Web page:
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Strongman and Bob: Part 3

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As I outlined in Strongman and Bob Part 2, he was dealing with a tremendous number of physical issues; you can imagine that working with Bob was a challenge.

Especially given that I was working with him from a distance (he’s in Ohio).

As I said before, I have a real problem with online training model and this was a very illustrative example of why.

Bob had been lifting off and on for years and had apparently been into bodybuilding when he was younger. I ASSumed that his technique would be ok on primary lifts.

I was wrong.

Tangentially, that’s fundamentally the problem with the online training model. Because, with so few exceptions as to make them irrelevant, everybody has terrible form in the weight room. Unless you lift in a very atypical gym, you know this is the case; it’s gotten so bad that the handful of people with decent form in any weight room stand out amongst the 99% who are doing everything absolutely wrong (this usually includes the staff trainers).

Everybody says they squat deep and nobody does, everybody says they train hard and nobody does.

Taking on an online client, writing them up a workout and then ASSuming that they will actually do something approximating what you wrote technically is destined to be a problem.

This was made clear when Bob planned his first visit to SLC for a hands-on training camp. He came out for a few days which we spent assessing and drilling technique in the weight room. None of his technique issues were helped by either the DISH or his other injury concerns. He had limited range of motion in a lot of movements and his body simply didn’t move right. It had found an amazing number of odd compensations for the various injuries and this showed in the weight room.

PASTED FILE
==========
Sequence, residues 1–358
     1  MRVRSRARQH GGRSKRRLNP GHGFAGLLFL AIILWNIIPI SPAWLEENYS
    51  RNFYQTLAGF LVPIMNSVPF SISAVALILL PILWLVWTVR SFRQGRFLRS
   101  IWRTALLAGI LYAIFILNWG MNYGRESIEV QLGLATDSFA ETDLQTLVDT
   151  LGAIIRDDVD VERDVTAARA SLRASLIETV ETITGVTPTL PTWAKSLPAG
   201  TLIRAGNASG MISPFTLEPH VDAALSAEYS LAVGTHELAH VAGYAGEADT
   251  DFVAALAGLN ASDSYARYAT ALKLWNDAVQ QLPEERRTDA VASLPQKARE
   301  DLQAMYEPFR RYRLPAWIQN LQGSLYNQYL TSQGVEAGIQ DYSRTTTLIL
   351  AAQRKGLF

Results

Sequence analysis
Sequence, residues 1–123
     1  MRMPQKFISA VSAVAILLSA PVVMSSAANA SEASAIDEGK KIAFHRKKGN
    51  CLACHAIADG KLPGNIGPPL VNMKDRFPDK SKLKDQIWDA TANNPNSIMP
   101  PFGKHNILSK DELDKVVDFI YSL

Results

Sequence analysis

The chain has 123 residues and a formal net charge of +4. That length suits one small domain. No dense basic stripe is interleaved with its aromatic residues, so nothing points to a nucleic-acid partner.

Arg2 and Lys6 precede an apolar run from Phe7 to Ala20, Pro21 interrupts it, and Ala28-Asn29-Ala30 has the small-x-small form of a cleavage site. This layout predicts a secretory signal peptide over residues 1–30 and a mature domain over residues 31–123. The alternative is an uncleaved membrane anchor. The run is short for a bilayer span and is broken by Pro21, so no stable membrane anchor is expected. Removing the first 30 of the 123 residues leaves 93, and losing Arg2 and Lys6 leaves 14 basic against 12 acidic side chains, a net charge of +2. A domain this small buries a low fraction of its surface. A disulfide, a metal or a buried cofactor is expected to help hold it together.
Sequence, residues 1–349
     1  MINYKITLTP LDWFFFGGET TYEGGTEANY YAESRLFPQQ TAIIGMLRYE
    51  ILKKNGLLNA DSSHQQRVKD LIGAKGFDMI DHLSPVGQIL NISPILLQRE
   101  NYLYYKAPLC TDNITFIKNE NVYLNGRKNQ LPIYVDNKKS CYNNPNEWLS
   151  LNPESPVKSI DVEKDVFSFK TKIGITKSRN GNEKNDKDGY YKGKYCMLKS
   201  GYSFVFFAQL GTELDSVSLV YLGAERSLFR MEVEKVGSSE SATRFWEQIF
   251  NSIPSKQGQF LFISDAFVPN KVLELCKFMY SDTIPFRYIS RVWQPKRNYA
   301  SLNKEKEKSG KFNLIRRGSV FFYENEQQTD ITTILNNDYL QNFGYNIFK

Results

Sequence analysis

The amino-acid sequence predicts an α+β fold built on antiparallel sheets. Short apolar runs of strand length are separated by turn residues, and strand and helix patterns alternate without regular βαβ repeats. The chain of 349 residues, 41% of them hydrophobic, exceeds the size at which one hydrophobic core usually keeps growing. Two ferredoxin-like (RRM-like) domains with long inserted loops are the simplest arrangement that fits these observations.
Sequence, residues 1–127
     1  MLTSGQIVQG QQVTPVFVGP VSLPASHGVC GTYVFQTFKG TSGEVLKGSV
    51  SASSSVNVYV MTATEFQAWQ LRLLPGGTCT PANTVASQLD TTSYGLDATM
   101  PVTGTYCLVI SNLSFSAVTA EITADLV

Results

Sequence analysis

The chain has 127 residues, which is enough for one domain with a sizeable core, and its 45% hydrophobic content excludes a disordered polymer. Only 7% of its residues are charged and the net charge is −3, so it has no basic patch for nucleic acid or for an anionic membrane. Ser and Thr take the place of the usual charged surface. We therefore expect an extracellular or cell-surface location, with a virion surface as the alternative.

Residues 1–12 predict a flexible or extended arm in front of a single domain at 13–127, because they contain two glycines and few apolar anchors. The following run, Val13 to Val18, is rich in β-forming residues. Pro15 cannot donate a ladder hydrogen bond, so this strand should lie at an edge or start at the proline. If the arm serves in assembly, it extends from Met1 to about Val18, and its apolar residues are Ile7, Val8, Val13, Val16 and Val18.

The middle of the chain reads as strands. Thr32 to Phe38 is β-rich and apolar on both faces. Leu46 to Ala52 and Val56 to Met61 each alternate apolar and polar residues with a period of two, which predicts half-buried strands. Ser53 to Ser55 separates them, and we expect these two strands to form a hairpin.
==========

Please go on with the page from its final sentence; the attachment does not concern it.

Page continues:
That said, we corrected a lot of basic issues and I sent him home (we shot video of the whole thing so that he could review it himself). The first blocks of training were mainly to focus on good technique along with addressing the various injuries. Essentially, he had to get in shape to be able to train hard.

Of course, it was also important that his training be somewhat satisfying and this can become a real balancing act: you need to fix the problems but that tends to be tedious slow going and it’s easy to lose trainees. Something about training has to be enjoyable and rewarding enough to keep the person coming back to it.

It didn’t help that on any given day or week, depending on how his joints and tissues were acting, everything would change. Some days he could squat perfectly, other days it would take him endless sets to even hit basic ranges of motion. Planned training programs beyond some generalities were fairly impossible and trying to do it from a distance became a real problem.

In practice, he’d either send me daily workout reports or at the very least weekly logs so I could see what was happening and make adjustments.

Over time he also had to become fairly self-sufficient about his own training, I had to essentially teach him how to adjust the day’s training depending on what was moving and how he was feeling. This is stuff I’d have done myself if I were working with him first hand. It took much longer doing it via email, phone and video.

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